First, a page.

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Old 04-14-12, 09:58 PM   #1
RedMocking
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need help picking the right bike!

I've really been thinking about investing in a "nice" bike. Chasing my dog around the yard in the 10 speed Dad gave me has been fun.... but if I am gonna get on the nearby paved trail more.... I want something better. I have been looking at very different styles of hybrid bikes.... Giant Roam 1 ( http://www.giant-bicycles.com/en-us/....w/9055/48952/) Which I am leaning more toward because it is more manuverable and "fun" to ride, faster, and cooler looking.... however it is more rigid that I am used to (and talked briefly with the dealer about maybe putting a suspension seatpost on it to help with this some....the other bike I have ridden so far is the Raleigh Venture 3.0 (http://www.raleighusa.com/archive/20...venture-30-11/) which it really comfortable!... I looked at the men's model because I am not big on sitting strait up. But it turns like a box. I don't know what I want or need.... something in between! (looking at some of the oter posts on this forum, maybe I should check out some of the Trek Hybrids) I want to go good on the trail but also hope to take it on some of the dirt paths and not absorb all the bumps myself.
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Old 04-14-12, 10:52 PM   #2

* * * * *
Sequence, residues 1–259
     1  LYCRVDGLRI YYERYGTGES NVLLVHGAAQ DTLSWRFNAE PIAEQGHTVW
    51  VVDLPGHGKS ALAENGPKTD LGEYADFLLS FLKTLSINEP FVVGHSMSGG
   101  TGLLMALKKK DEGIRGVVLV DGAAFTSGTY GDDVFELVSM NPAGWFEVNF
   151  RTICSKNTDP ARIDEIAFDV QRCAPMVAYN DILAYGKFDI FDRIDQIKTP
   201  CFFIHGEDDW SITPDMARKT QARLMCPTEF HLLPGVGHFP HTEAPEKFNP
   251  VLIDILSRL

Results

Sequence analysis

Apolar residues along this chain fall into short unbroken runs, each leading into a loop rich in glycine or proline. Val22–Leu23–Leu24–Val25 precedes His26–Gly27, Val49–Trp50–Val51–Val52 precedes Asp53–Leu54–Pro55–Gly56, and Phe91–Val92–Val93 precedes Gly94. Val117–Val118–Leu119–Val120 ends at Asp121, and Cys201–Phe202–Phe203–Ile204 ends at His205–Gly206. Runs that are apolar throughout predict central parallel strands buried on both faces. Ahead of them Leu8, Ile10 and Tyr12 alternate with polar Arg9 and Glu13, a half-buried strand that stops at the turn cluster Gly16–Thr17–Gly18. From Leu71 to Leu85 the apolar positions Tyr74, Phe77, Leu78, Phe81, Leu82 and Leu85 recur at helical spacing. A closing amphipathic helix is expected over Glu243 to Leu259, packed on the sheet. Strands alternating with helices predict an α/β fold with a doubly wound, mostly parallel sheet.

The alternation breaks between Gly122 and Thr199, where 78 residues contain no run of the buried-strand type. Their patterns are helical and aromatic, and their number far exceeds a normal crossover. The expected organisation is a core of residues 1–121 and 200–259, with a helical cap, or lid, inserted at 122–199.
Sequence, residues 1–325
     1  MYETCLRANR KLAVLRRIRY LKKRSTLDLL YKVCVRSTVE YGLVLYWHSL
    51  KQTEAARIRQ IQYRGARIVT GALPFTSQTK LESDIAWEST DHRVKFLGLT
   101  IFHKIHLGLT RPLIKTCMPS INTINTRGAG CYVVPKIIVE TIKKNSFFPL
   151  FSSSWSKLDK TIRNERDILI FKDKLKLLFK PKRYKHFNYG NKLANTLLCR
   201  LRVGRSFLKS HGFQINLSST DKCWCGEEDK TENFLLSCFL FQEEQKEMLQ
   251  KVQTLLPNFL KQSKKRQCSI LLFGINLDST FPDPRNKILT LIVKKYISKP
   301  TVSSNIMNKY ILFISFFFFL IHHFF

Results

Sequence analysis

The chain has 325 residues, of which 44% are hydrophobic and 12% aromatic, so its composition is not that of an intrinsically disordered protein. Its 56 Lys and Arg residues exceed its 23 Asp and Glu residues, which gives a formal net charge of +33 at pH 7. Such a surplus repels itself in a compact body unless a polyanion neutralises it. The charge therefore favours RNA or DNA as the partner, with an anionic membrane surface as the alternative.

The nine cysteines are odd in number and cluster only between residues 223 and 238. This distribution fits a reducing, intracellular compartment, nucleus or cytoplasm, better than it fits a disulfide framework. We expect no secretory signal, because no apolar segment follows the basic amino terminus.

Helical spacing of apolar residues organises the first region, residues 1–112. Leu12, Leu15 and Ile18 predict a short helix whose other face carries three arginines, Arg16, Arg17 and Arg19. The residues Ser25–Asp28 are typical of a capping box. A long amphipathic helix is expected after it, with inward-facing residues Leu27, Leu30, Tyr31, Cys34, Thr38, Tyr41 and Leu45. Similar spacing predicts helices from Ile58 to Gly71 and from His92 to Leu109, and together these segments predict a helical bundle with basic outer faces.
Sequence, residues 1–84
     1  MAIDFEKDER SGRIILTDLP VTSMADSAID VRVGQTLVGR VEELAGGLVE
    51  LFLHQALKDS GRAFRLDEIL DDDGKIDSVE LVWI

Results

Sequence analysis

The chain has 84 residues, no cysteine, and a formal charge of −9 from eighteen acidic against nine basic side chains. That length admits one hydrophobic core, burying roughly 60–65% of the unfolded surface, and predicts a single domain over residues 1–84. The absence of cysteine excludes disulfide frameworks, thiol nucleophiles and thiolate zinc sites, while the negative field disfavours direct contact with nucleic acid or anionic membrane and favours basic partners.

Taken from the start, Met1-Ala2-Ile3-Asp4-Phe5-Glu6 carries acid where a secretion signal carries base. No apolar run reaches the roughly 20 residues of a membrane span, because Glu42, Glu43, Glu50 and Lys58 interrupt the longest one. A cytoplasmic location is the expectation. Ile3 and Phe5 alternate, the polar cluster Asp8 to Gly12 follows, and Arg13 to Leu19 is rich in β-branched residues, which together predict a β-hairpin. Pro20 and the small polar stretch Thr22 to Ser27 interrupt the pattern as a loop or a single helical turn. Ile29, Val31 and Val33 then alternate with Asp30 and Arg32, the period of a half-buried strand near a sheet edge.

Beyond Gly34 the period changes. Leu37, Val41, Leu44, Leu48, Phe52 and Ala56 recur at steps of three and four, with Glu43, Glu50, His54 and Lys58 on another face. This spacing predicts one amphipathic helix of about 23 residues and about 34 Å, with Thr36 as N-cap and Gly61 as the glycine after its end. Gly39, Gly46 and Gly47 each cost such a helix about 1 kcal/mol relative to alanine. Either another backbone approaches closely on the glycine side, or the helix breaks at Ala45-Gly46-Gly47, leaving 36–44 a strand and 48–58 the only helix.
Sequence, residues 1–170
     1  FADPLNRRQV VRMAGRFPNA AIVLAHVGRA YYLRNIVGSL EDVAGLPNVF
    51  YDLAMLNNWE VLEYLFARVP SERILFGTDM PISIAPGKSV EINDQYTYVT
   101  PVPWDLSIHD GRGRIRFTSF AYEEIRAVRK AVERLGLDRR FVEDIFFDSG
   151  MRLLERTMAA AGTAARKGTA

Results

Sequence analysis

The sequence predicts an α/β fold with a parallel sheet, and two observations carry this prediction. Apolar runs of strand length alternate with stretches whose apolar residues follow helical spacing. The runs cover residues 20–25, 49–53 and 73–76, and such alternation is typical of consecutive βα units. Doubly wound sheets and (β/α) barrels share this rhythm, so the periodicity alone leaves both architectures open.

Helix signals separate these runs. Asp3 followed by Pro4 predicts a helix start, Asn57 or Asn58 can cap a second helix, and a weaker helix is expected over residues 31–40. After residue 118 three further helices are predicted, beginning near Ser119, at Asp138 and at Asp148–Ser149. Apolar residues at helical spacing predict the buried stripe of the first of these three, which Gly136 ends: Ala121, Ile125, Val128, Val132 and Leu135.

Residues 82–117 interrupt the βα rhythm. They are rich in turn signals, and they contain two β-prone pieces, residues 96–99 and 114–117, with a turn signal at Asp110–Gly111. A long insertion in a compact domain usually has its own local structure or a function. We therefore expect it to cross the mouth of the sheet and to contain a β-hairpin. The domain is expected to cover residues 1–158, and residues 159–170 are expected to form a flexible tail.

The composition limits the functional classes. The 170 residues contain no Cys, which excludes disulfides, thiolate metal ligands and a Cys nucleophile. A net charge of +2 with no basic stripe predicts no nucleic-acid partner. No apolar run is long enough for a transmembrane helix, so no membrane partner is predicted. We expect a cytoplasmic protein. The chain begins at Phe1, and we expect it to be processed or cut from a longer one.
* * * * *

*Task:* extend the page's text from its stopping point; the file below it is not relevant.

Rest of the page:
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Did you have the suspension on the Giant Roam locked up? There should be a knob to change the stiffness. The suspension should make the ride a bit squishy at least up front.

I don't have suspension and a lot of the time riding over rough roads, I just lift myself up a bit and let the bike bounce and let my knees take up the movement.

You are likely to see a lot of posts about Treks, Specialized, and Giant because they are the three largest bicycle manufacturers.

I think even if you go with a Trek DS or Neko, the ride won't be drastically different from the Giant Roam. Perhaps let some of the air out of the tires. Maybe you can get the bike shop to trade you tires for something like 700x42 or 700x45 to soften things up a bit more.

Last edited by jsdavis; 04-14-12 at 11:03 PM.
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Old 04-14-12, 11:12 PM   #3
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I played with them locked and unlocked on the pavement and in the grass.... a lot of it I know is me getting more acclimated to riding properly... I am giving my bum too much pressure... the guy I talked to also said it would help to adjust the tire pressure. I've never ridden a road bike... which I think is why this frame appeals to me so much... it looks more rugged... I am planning to ride daily atleast 5 miles, but once or twice a week more like 20ish miles. A few years ago I was commuting to work 8 miles on a cheap mountain bike... this was ok in VA and I was standing most of the time to pick up speed... but I am on flat land in FL now... and really confused about what I need
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Old 04-14-12, 11:37 PM   #4
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If you haven't ridden a bicycle in a long time, your bum will hurt for a couple weeks or even a month where those two pointy bones are. Eventually the pain does go away. It's also possible that the saddle is not right for you. YOu can get wider or narrower saddles and you might be able to trade for something of equal value when you purchase your bike.

For rough roads, I think the best solution is just to stand a bit and let the bike bounce. I've only spent about 10 minutes on a road bike before and it was pretty rough but that thing was also set up for competitive racing so that might be part of it.